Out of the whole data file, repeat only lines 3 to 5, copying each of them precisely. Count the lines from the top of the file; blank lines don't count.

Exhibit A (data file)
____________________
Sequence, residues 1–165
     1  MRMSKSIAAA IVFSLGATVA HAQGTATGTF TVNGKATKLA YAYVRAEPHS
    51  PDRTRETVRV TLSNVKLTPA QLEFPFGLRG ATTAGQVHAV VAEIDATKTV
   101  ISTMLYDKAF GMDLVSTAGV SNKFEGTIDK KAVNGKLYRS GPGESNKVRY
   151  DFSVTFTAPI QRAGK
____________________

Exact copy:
    51  PDRTRETVRV TLSNVKLTPA QLEFPFGLRG ATTAGQVHAV VAEIDATKTV
   101  ISTMLYDKAF GMDLVSTAGV SNKFEGTIDK KAVNGKLYRS GPGESNKVRY
   151  DFSVTFTAPI QRAGK